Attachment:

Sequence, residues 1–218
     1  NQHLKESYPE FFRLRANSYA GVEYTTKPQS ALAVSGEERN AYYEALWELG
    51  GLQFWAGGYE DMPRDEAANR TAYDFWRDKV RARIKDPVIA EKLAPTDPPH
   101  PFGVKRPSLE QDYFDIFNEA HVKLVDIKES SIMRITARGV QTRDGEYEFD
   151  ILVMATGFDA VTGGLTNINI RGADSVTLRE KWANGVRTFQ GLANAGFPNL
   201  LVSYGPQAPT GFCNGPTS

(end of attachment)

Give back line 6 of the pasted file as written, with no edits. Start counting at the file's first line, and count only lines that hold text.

   201  LVSYGPQAPT GFCNGPTS